NYC schools bring back chicken dumplings, French toast sticks, burritos after outcry

Students eat lunch at the same table in the cafeteria.
Students eat lunch at Hillcrest High School in 2022. School cafeterias will once again feature French toast sticks, bean and cheese burritos, and chicken dumplings, an Education Department spokesperson confirmed Wednesday. (Christian Williams Fernandez for NYCPublic Schools)

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Facing mounting criticism over cuts to popular school lunch items, New York City officials are reversing course.

School cafeterias will once again feature French toast sticks, bean and cheese burritos, and chicken dumplings, an Education Department spokesperson confirmed Wednesday. Those items should reappear later this month or in early April. Officials eliminated the popular foods from school menus last month as part of a $60 million cut to the school food program, Chalkbeat first reported in January.

At a Thursday event honoring food workers, schools Chancellor David Banks said the decision to reinstate some items was due to backlash from students.

“We heard from the kids loud and clear,” he said. “I encourage every young person to continue to speak up about the changes that they hope to see in their schools.”

Still, some menu items won’t be returning yet, including bagel sticks, chicken drumsticks, guacamole, and cookies. Chris Tricarico, senior executive director of the Office of Food and Nutrition Services, said the city is “planning to look at the future menus” in the coming months to bring back additional food options.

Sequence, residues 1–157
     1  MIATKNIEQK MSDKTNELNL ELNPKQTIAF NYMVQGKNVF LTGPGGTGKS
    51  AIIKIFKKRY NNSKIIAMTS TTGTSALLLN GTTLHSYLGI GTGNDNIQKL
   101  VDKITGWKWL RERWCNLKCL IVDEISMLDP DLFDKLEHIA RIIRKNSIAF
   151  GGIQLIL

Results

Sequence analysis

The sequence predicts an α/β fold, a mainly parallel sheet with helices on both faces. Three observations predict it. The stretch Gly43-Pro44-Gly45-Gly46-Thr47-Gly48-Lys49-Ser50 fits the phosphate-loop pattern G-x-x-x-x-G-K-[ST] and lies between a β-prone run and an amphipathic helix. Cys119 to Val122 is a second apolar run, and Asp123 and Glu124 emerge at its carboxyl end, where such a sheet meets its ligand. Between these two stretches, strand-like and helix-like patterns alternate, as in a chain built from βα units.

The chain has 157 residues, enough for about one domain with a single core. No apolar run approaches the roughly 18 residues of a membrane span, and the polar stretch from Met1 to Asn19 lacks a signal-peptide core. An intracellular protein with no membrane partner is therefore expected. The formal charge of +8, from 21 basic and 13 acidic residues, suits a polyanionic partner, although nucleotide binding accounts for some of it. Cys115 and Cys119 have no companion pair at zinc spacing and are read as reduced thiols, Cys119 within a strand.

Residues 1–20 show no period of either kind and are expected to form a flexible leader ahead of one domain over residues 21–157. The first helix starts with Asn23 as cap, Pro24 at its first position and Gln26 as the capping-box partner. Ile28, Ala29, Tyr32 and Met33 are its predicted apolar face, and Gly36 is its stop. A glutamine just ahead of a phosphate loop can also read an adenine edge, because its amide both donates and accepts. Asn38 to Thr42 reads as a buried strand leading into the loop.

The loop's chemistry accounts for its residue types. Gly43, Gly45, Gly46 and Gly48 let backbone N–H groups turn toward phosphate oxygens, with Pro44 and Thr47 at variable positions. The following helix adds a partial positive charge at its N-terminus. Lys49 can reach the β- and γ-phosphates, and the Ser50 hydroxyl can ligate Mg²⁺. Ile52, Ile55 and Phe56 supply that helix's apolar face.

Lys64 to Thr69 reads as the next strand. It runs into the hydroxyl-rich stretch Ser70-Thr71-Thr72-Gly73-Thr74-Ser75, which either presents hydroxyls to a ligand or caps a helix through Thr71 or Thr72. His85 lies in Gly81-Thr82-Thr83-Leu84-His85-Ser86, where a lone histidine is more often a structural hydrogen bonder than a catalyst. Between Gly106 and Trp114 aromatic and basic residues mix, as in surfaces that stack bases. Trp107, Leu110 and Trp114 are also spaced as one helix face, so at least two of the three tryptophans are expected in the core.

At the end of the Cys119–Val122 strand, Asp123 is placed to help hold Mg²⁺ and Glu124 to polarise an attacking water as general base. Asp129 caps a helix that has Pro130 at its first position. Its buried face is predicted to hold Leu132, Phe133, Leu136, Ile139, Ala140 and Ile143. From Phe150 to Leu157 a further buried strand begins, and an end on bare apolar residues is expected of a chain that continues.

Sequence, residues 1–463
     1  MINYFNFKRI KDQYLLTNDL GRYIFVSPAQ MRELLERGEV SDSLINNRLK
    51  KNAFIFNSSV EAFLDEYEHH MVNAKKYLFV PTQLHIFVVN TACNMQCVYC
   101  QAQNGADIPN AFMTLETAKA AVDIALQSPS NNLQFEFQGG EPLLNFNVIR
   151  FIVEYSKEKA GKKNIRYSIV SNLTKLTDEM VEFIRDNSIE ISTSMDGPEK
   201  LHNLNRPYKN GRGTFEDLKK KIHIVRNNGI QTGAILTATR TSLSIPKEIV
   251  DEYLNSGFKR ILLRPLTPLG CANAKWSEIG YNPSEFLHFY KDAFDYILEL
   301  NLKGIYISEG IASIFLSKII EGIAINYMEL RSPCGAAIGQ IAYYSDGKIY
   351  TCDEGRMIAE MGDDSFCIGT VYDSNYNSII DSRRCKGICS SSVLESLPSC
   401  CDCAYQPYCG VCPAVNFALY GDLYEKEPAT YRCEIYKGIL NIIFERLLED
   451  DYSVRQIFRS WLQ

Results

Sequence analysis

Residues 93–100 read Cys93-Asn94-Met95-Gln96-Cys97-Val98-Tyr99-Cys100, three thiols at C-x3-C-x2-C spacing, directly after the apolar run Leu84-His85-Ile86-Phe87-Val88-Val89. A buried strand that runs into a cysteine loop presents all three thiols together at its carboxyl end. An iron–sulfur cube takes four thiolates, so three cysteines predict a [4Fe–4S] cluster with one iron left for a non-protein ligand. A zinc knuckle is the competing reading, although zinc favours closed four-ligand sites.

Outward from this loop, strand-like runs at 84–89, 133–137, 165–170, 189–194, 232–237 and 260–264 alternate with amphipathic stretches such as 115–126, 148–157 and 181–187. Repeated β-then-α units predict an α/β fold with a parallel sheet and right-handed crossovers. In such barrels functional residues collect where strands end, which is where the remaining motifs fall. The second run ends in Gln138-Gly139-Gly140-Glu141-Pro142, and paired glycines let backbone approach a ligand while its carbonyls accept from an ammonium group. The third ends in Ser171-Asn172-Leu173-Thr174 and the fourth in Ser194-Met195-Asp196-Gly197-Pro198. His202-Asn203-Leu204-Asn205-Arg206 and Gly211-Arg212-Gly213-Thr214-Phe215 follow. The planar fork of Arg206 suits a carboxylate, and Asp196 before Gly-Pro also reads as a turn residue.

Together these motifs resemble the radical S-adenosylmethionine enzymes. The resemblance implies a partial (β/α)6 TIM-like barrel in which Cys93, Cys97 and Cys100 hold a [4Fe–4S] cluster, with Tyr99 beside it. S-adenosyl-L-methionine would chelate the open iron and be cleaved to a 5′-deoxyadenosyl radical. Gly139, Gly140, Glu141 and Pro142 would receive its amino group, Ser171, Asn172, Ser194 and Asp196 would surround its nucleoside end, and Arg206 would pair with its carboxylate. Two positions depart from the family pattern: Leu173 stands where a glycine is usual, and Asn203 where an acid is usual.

A chorus of students, parents, and food advocates complained the cuts affected popular dishes — potentially leading students to avoid eating school lunches, or throw them in the trash.

Anayolene Denis, a school cook in Brooklyn, said there was a noticeable decrease in the number of students who ate lunch after popular items disappeared from the menu.

“I was mad,” she said. “The kids come in and don’t see what they used to like.”

The cuts also left some of the city’s food suppliers in limbo, with hundreds of thousands of dollars worth of food languishing in storage. Some vendors warned of possible worker layoffs.

Food advocates were baffled by the cuts given Mayor Eric Adams’ focus on improving the city’s school food program, including overhauling some cafeterias to make them resemble food courts and expanding plant-based meals.

The reversal comes as city leaders have struggled to provide a clear rationale for the menu changes. Officials first suggested they were related to a series of budget cuts Adams has ordered across city agencies, including the Education Department. But the city’s top budget official on Monday offered a different explanation: The menu cuts were necessary because school lunches were growing more popular.

“They basically cut some of the items from the menu … because more kids are eating,” Jacques Jiha, director of the city’s Office of Management and Budget, said during a City Council hearing.

Those comments earned a fresh round of criticism and confusion, as some of the mayor’s food initiatives were specifically designed to encourage more students to eat. Just two days later, the Education Department backtracked.

Melany Martinez, a school cook at P.S. 84 in Manhattan, said students grumbled about the changes, but she didn’t see much of a dropoff in student meal participation at her school. Nonetheless, she anticipates her students will celebrate the return of one item in particular.

“They love bean burritos,” she said.

Michael Elsen-Rooney contributed to this story.

Alex Zimmerman is a reporter for Chalkbeat New York, covering NYC public schools. Contact Alex at

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